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Presidential hopeful quizzed in Strauss-Kahn inquiry

Text by FRANCE 24

Latest update : 2011-07-21

François Hollande (pictured), a former Socialist Party leader and current presidential hopeful, has been questioned in the inquiry into sexual assault charges brought by a Parisian writer against former IMF chief Dominique Strauss-Kahn.

French Socialist and presidential hopeful François Hollande has been questioned by police as part of an investigation into attempted rape charges brought by a wealthy young Parisian writer against Dominique Strauss-Kahn.

Hollande, who was not expected to be quizzed until September, turned up at police headquarters on Wednesday saying he wanted to get his testimony over with. "This is an affair that does not concern me," he told reporters.

It is the latest twist in the international saga revolving around the former IMF leader’s alleged sexual misbehaviour, which has gripped both sides of the Atlantic and shaken the French political world. In recent days, several key witnesses, including Strauss-Kahn’s daughter, Camille, and his ex-wife, Brigitte Guillemette, have been questioned by French investigators.

32-year-old Tristane Banon’s lawyer says that in 2003, his client told Hollande – then the leader of the French Socialist Party – that Strauss-Kahn had tried to rape her while she was interviewing him in a Parisian flat the previous year. Now Hollande may find himself in the hot seat amid speculation that he may have concealed damaging information about his fellow Socialist.

‘This has been tough for the Socialists’

Hollande told French daily newspaper Le Monde that Banon's mother, Anne Mansouret, had contacted him about the alleged incident, and that he had suggested that she get in touch with the police if a problem needed to be reported.

“I've nothing to hide and nothing to feel uneasy about, but I will not allow this case to be exploited politically,” Hollande was quoted as saying.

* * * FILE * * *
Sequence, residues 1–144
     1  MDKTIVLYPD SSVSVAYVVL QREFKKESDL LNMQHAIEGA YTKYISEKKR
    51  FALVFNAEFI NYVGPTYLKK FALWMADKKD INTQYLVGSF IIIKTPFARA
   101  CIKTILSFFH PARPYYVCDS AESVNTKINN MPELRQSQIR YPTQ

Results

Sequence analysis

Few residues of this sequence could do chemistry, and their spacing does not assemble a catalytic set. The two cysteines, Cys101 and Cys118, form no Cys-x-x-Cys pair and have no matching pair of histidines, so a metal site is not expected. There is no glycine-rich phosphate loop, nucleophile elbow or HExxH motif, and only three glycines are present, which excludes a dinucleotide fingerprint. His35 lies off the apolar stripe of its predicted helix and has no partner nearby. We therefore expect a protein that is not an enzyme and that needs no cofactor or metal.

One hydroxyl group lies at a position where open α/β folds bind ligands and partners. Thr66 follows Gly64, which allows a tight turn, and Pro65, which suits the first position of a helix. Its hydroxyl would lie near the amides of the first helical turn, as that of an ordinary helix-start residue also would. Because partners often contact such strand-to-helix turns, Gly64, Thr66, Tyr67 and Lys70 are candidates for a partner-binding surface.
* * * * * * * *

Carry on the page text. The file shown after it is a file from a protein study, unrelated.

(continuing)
The bespectacled, mild-mannered Hollande has been polling strongly in recent surveys, beating out party leader Martine Aubry as well as his former partner and 2007 presidential candidate, Segolene Royal, for the Socialist nomination.

But after charges of attempted rape against Strauss-Kahn cost the politician his spot as frontrunner in the 2012 presidential election, this latest development may also hamper Hollande’s chances in the crucial campaigning period before the Socialist primaries in October.

According to Jerome Sainte-Marie, the director of the political research department at French polling agency CSA, it’s too early to tell. “We don’t know what will be unveiled about Hollande in this case, and especially what will be unveiled to the public at large,” Sainte-Marie told FRANCE 24. “But Hollande remains pretty far removed from this case, and I’m not convinced that public opinion will think he’s really involved.”

Still, with Strauss-Kahn out of the race and Hollande’s momentum at least temporarily slowed, Socialists appear to be struggling to find their footing in a presidential race that is seen as theirs to lose. Sarkozy remains unpopular, but pollster Ipsos has found his favourability ratings climbing slightly from 30 percent to 35 percent since last June. According to the latest survey by CSA, Sarkozy would beat Aubry and tie Hollande in a first-round vote.

“Of course this has been tough for the Socialists,” Sainte-Marie noted. “Their candidate with the best chance of winning [Strauss-Kahn] is now out of the race, and the Strauss-Kahn case hijacked the party’s message for months. That said, French people will likely be able to differentiate between this particular case and the rest of the Socialist candidates competing for the nomination.”

Strauss-Kahn’s daughter, ex-wife questioned

Banon filed her complaint in early July, saying that she was motivated to come forward with her story after Strauss-Kahn’s arrest in New York in May. Banon’s mother, Socialist politician Anne Mansouret, has said that she dissuaded her daughter from pressing charges in 2003.

Investigators are now busy collecting information and contacting people mentioned in Banon’s testimony before deciding whether there are grounds to pursue the case. In the meantime, Strauss-Kahn has filed a defamation complaint against Banon, who said in a 2007 TV interview that the politician had come on to her like “a rutting chimpanzee”. Strauss-Kahn’s name was censored from the broadcast.

Strauss-Kahn’s daughter Camille, a friend of Tristane Banon’s at the time of the alleged incident, was questioned by police on Monday following the accuser’s testimony that she had told Camille about the attempted rape.

Camille’s mother, Strauss-Kahn’s ex-wife Brigitte Guillemette, was questioned on Friday. Guillemette is Banon’s godmother and is said to have been told of the alleged assault by Banon’s mother, Anne Mansouret, shortly after it occured.

Strauss-Kahn himself remains in New York, where he awaits his next court date. He is currently not authorised to leave the US.

Date created : 2011-07-19


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